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Revista Española de Enfermedades Digestivas

Print version ISSN 1130-0108

Rev. esp. enferm. dig. vol.104 n.8 Madrid Aug. 2012 



Verrucous carcinoma of the esophagus

Carcinoma verrugoso de esófago



Key words: Esophageal verrucous carcinoma. Dysphagia. Esophagectomy.



Dear Editor,

Verrucous carcinoma of the esophagus is a rare variant of squamous cell carcinoma and only few cases have so far been reported in the international literature.


Case report

A 74-year-old male presented with 1 year history of progressive dysphagia for solids and liquids. Additionally, he had early satiety, anorexia and 30 Ib loss of weight. He was a heavy smoker. There was no history of ingestion of caustic substances, esophageal trauma or alcohol use. Initial evaluation elsewhere included two upper endoscopies which showed a constricting white, villous lesion in the distal esophagus. The stomach and duodenum were normal. Endoscopic biopsies showed nonspecific acanthosis with chronic inflammation.

When seen at our institution he appeared cachetic, but the physical examination was otherwise unremarkable. It was decided to repeat upper endoscopy which showed a diffusely thickened, white, friable, exophytic, lumen-constricting polipoid mass in the lower esophagus from 32 to 41 cm (Fig. 1) and to make deeper full-thickness biopsies, which revealed foci of hyperkeratosis and parakeratosis with moderate to severe cytologic atypia. This was suspicious for verrucous carcinoma (VC). An endoscopic ultrasound (EUS) performed using a radial echoendoscope showed thick circumferencial hypoechoeic lesion arising from the mucosa and extending to the muscularis propria (Fig. 2). There were several enlarged paraesophageal lymph nodes. A thoracic and abdominal computerized tomography (CT) scan was also performed which excluded metastasis. Since this lesion demonstrates T2N1M0 and the biopsies were suspicious for VC, the patient underwent esophagectomy. The resected specimen showed invasive well differentiated squamous cell carcinoma with prominent acanthosis and hyperkeratosis. In situ hybridization for human papillomavirus (HPV) subtypes was negative. The post operative was complicated with hypovolemic shock and the patient died four days after surgery.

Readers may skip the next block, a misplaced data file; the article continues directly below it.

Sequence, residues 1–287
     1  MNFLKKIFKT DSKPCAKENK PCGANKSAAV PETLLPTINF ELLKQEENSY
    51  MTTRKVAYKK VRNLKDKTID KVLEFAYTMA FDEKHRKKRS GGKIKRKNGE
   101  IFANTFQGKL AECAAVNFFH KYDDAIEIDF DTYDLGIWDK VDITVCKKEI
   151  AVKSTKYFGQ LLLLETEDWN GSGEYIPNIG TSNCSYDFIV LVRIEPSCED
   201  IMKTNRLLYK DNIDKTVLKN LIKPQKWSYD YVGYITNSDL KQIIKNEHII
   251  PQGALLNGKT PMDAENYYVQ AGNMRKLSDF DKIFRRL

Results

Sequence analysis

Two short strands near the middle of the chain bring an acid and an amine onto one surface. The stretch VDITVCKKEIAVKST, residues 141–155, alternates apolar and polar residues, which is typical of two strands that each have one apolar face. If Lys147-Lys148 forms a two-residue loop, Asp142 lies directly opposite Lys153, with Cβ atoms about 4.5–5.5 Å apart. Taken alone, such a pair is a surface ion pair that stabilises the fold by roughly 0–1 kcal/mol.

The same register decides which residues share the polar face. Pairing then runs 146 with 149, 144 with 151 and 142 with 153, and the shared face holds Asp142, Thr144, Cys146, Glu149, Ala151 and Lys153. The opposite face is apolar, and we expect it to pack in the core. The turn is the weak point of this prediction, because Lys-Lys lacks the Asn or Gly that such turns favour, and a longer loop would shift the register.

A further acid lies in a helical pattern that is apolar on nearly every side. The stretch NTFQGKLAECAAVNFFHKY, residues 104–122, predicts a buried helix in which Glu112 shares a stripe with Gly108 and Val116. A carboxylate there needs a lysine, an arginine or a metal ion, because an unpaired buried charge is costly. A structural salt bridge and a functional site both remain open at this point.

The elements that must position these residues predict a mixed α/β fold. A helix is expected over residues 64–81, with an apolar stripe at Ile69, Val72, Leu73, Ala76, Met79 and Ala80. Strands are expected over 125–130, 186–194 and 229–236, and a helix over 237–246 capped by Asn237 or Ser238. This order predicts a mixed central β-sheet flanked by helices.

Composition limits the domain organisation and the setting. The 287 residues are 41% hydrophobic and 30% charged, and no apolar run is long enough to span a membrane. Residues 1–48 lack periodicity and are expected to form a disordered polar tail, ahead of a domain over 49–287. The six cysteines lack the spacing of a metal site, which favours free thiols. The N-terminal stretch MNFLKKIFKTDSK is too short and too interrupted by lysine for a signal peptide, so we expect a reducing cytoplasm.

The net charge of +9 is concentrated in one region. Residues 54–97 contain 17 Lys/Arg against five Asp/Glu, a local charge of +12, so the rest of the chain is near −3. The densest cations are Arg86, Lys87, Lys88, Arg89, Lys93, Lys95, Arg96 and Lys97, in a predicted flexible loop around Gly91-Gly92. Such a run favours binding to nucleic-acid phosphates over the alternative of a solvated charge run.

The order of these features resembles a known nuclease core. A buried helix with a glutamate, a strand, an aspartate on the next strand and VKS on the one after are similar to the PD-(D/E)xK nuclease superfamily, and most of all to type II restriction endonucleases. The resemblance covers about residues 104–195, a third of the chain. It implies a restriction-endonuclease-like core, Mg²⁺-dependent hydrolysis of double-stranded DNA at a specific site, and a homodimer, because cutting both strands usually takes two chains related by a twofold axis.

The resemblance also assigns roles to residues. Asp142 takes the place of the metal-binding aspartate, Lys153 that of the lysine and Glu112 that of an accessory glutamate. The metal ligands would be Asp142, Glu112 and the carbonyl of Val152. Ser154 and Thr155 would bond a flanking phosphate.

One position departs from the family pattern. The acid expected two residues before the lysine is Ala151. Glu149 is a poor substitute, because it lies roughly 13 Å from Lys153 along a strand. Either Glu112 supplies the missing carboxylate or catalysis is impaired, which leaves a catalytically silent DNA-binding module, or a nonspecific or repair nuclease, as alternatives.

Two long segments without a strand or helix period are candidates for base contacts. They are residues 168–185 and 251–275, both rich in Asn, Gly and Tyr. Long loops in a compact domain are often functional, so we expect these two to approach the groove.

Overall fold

VC was first described by Ackerman in 1948 (1) and is a very rare esophageal cancer. Esophageal VC is a rare distinct, well differentiated squamous cell carcinoma that is typically associated with chronic mucosal irritation or a long-term local disease process (2). There are less than 25 cases reported in the international literature. VC is strongly associated with the chronic use of tobacco (3) and according to recent studies, human papillomavirus (HPV) could have a potential role in the tumoral development and progression, although this topic is still under discussion (4). In our case, the patient was a heavy smoker but HPV was not found. This cancer has a highly unfavorable outcome, despite its high degree of differentiation and slow growth, because symptom onset is insidious and there is usually a long delay between development of dysphagia and the detection of the lesion (5). Usually this neoplasm invades the surrounding organs and has a very low potential for metastasis (6). Morbility and mortality are usually due to complications from local invasion.

Endoscopically, esophageal VC appears as exophytic warty, papillary, spiked, or cauliflowerlike masses (1). A conclusive diagnosis of esophageal VC is difficult to make because superficial biopsies tend to show only nospecific acanthosis, parakeratosis, or hyperkeratosis, with associated acute or chronic inflammation. Deep biopsies with additional diagnosis modalities such as EUS are helpful (7). Surgery is the option of choice for early stage lesions and advanced VC does not seem to benefit from chemotherapeutic regimes (8).

In our case the diagnosis of esophageal VC was challenging, because superficial endoscopic biopsies fail to confirm this diagnosis. Only deeper biopsies and EUS made the suspicious for esophageal VC and the resected specimen made the definitive diagnosis.

Esophageal VC resection can be curative however it has high mortality and morbility. The reported outcome in patients with esophageal VC suggests that this is a deadly disease, despite the bland histology. Approximately 2/3 of the reported subjects died of disease or direct complications of therapy (6). This interesting condition requires a high index of clinical suspicion and persistence in obtaining a definitive diagnosis.


Ana C. Lagos, Inês N. Marques, Jorge D. Reis and Beatriz C. Neves
Department of Gastroenterology. Pulido Valente Hospital. Lisbon, Portugal



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